Last updated: 06 Aug 2007 - 22:04
I wrote an article a while ago about making a tool for reading and writing parallel memory chips using a PIC and a USBMOD2 unit. I have finally got around to writing the code out in MPASM (the original was for the PICAXE BASIC programmed PIC.) The code is fairly simple but shows how a PIC can effectively be used in place of complex glue logic.
- Source memtool.asm file
- Compiled HEX file, memtool.hex
- GPLv3 License
Last updated: 05 Aug 2007 - 20:14
Written at the same time as the degrees to radians function as a compliment to it. Again, the function is incredibly simple, however, it's a handy thing to have in your path anyway. It's also a really simple function, showing the syntax to create a function that takes an argument, returns a value, and has a documentation string (if I remember correctly just type help r2d into MATLAB and it should describe the function if it's in your path.)
Last updated: 05 Aug 2007 - 19:03
This is one of the earliest bits of MATLAB code that I wrote. It's basically a one line function that converts an input value in degrees to radians. The code is so simple I have no doubt that all users of MATLAB would be able to write it with a few moments of thought, however, I often found it useful to have this function in my path when writing code to allow me to call it without having to think, e.g. sin(d2r(alpha)) where alpha was the angle in degrees.
Last updated: 26 Jun 2007 - 22:31
My Z80 project has evolved within my mind into something more than a vaguely educational retro type computing and electronics project, having tried using my Sinclair ZX Spectrum again yesterday, I have come to realise why computing products of that vintage have come to be looked upon scornfully. It was quite frankly absurdly slow and hard to use the Spectrum, even when I was using an emulator that rid me of having to use the horrible non-standard rubber keyboard, the interface was a mess and so I have taken it upon myself to make a comfortable Z80 computer, not necessarily easy to use but not as time consuming and fruitless as older machines.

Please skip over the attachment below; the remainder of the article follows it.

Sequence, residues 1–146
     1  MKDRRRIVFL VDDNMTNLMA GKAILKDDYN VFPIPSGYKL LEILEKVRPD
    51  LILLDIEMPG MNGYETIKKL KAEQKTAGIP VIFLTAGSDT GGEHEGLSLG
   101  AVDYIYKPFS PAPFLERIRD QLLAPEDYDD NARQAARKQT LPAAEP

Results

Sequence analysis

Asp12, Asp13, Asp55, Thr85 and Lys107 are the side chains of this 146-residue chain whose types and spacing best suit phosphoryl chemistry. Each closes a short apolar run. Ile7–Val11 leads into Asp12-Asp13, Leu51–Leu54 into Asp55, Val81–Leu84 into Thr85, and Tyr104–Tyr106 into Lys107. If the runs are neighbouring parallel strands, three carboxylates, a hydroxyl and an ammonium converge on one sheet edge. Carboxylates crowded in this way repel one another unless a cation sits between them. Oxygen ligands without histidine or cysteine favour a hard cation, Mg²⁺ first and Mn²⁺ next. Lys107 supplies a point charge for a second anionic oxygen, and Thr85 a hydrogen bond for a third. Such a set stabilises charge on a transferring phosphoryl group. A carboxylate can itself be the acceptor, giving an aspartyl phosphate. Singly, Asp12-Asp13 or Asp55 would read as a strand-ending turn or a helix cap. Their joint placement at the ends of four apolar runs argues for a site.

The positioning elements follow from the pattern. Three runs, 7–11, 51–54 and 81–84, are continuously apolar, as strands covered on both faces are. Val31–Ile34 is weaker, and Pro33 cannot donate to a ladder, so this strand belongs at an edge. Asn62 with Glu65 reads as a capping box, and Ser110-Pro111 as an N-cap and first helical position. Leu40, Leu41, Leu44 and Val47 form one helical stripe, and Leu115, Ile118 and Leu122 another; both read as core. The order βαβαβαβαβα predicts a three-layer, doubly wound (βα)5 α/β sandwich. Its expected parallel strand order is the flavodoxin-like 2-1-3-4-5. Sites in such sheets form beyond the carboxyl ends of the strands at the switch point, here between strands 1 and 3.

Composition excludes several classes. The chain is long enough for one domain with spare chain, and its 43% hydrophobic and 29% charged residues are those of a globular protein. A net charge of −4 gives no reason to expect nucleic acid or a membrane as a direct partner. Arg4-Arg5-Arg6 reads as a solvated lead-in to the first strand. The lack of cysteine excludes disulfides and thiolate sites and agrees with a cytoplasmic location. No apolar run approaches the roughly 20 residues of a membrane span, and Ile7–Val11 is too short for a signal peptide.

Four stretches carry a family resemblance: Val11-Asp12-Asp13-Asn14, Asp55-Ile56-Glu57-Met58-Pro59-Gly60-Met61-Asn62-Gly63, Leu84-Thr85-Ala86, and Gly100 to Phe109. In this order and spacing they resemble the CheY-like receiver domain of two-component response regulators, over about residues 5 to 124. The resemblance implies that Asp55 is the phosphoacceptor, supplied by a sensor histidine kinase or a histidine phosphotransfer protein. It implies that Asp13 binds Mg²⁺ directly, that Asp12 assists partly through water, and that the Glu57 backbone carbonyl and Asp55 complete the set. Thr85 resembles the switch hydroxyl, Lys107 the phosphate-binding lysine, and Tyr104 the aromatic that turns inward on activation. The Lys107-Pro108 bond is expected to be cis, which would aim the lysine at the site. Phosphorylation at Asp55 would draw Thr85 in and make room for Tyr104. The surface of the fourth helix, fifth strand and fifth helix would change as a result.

My chief complaint about the system was, as a reasonably experienced BASIC programmer, I just wanted a quick syntax guide and to get on with programming, but there's no built in assistance, nor could I find the kind of quick reference I wanted on the internet. However, more irritating is the fact that you cannot just type the text in, you mus
Last updated: 26 Jun 2007 - 22:07
After many weeks developing ideas about this project without any materials to practically build it with (while I was at Uni). I dreamed up all manner of insane and complicated schemes. Now that I look at the practicalities of actually producing something, it has become clear that many of my ideas were impractical.
With some practical experimentation and a bit of real basic design, the system has been simplified significantly. I have dropped the idea of a 20bit address space for now, and decided that trying to make the whole system suitable for processor upgrade is a waste of time and resources. I also had been intending to make the system with separate I/O expansion bus, mother board, memory slots etc. which, again, I have decided is a waste of time and resources.The system which is now a considerable way through construction is based on some sheets of tripad board I got from Maplin at a very reasonable price. These are